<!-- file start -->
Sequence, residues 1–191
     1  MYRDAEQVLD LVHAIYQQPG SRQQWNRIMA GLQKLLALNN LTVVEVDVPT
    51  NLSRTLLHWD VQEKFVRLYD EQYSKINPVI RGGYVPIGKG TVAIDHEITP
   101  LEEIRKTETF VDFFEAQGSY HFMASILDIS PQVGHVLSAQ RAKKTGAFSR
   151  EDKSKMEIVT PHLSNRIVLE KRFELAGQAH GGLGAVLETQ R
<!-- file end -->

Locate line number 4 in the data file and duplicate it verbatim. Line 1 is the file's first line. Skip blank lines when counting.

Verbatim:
   101  LEEIRKTETF VDFFEAQGSY HFMASILDIS PQVGHVLSAQ RAKKTGAFSR